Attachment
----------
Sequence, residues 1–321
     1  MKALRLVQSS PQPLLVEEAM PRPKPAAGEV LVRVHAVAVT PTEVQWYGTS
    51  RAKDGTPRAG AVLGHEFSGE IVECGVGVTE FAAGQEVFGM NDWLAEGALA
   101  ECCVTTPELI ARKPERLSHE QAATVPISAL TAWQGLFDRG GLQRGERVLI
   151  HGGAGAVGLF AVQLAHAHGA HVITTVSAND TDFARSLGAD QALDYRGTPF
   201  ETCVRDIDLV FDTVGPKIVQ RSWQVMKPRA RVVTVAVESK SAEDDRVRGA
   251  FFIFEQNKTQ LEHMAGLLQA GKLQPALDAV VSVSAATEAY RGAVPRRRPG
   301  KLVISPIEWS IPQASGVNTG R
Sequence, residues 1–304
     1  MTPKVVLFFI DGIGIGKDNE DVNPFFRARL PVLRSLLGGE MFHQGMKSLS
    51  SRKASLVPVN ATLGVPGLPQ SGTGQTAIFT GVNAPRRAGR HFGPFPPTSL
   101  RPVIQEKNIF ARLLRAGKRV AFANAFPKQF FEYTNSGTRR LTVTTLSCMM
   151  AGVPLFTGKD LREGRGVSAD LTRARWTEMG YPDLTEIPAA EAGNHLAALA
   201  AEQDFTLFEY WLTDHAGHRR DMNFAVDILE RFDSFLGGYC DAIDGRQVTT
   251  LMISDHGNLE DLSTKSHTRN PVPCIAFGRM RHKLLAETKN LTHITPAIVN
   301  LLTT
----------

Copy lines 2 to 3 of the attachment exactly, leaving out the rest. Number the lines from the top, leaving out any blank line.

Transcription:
     1  MKALRLVQSS PQPLLVEEAM PRPKPAAGEV LVRVHAVAVT PTEVQWYGTS
    51  RAKDGTPRAG AVLGHEFSGE IVECGVGVTE FAAGQEVFGM NDWLAEGALA